Do Farmers and the Environment Benefit from Adopting Integrated Pest Management Practices? Evidence from Kenya
Soul‐kifouly G. Midingoyi,
Gracious Diiro and
Journal of Agricultural Economics, 2019, vol. 70, issue 2, 452-470
We estimate the impacts of a bundle of integrated pest management (IPM) practices on mango yield, mango net income, insecticide use, human health and the environment, using recent household survey data of mango growers in Kenya. We employ a multinomial endogenous switching treatment regression model with an ordered probit selection rule to establish counterfactual outcomes. Our results indicate that IPM‐adopting farmers have higher mango yields and mango net income, and also use lower quantities of insecticide and cause less damage to the environment and to human health. In addition, switching from one IPM to multiple IPM practices generates greater economic, environmental and human health benefits. These results suggest intensification of IPM‐adoption efforts and encouragement of the use of multiple IPM practices. These positive outcomes could be achieved through greater provision of technical support and extension services to farmers.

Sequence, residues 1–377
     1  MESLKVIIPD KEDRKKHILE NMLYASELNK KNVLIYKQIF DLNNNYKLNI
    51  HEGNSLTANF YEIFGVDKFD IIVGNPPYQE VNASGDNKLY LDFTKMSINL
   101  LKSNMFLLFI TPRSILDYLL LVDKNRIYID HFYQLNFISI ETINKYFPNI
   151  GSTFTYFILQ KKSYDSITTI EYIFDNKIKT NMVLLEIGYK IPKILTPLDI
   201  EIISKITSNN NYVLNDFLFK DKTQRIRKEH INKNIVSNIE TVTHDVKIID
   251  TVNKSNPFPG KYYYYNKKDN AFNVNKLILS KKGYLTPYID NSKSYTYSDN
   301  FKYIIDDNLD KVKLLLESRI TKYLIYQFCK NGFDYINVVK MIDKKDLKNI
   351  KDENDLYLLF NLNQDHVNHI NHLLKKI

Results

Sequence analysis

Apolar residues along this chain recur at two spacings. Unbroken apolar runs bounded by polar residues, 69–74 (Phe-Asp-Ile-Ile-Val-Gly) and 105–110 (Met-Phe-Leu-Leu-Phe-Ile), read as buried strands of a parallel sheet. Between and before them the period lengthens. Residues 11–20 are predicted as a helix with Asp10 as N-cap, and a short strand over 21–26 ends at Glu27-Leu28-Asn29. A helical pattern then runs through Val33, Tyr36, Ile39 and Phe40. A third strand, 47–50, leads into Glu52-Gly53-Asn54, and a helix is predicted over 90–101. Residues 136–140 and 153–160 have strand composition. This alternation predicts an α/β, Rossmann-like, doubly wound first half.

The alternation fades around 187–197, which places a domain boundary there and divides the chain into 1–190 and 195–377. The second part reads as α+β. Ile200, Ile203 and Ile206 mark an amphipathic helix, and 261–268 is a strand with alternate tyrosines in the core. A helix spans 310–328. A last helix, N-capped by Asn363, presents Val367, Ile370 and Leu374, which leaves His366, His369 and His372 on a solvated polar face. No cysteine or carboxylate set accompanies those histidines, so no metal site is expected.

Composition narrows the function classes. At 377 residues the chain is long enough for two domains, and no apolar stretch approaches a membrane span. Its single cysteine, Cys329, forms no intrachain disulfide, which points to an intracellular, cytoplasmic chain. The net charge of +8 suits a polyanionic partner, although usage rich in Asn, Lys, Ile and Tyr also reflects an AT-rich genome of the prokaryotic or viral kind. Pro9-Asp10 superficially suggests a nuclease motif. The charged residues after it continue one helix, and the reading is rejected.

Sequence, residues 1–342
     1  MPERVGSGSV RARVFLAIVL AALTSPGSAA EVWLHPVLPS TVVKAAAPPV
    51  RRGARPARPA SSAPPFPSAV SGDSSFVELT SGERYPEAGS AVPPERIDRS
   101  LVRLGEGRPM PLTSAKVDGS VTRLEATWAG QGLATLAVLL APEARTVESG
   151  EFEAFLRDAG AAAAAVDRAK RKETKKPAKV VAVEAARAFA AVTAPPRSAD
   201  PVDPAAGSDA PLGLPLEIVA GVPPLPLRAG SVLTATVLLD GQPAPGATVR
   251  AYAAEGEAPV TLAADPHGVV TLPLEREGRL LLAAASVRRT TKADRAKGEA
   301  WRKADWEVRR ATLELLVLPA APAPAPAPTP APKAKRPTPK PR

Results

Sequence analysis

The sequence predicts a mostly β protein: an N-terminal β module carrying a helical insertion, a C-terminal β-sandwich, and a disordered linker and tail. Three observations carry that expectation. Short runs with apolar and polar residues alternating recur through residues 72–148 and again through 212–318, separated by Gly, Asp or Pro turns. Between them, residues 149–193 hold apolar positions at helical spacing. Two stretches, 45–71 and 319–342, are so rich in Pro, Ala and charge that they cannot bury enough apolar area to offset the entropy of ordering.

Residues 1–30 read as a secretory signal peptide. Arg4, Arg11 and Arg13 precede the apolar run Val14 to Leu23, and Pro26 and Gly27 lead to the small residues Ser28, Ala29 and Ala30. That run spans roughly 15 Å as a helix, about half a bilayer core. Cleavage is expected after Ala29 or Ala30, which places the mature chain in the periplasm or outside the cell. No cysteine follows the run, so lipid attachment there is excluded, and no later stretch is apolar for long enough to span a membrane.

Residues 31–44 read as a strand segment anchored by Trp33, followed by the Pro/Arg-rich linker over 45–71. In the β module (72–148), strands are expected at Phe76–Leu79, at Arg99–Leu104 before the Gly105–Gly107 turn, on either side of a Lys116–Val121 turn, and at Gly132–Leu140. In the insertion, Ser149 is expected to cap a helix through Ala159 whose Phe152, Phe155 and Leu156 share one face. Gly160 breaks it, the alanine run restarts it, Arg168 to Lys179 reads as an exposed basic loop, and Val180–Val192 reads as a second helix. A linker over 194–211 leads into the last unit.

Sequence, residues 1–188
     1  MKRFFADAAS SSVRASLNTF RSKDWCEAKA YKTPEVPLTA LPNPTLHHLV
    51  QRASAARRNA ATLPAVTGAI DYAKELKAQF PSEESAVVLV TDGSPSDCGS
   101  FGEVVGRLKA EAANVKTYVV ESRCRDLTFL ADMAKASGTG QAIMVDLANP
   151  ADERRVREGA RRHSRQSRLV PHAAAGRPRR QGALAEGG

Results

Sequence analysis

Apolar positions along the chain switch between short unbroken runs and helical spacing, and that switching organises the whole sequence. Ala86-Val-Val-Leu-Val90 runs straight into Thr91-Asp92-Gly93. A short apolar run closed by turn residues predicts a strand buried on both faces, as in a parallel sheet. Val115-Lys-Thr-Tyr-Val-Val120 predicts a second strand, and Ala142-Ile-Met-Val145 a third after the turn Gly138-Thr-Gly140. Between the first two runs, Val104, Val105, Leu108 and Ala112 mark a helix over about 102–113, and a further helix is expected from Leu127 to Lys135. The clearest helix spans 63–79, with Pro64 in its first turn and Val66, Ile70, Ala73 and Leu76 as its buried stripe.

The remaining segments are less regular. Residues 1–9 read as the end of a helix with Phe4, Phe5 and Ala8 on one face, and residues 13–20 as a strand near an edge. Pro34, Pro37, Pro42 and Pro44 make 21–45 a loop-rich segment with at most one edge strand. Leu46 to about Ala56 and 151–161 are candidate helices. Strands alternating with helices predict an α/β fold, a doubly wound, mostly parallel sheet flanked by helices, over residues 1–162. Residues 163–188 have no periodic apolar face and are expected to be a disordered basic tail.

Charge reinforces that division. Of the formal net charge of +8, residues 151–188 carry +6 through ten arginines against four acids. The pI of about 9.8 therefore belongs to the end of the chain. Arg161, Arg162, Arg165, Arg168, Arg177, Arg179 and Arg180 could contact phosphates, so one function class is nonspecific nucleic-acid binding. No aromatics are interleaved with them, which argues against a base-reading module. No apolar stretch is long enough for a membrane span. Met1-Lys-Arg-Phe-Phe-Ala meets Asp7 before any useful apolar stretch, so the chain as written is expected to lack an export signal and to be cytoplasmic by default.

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Persistent link: https://EconPapers.repec.org/RePEc:bla:jageco:v:70:y:2019:i:2:p:452-470
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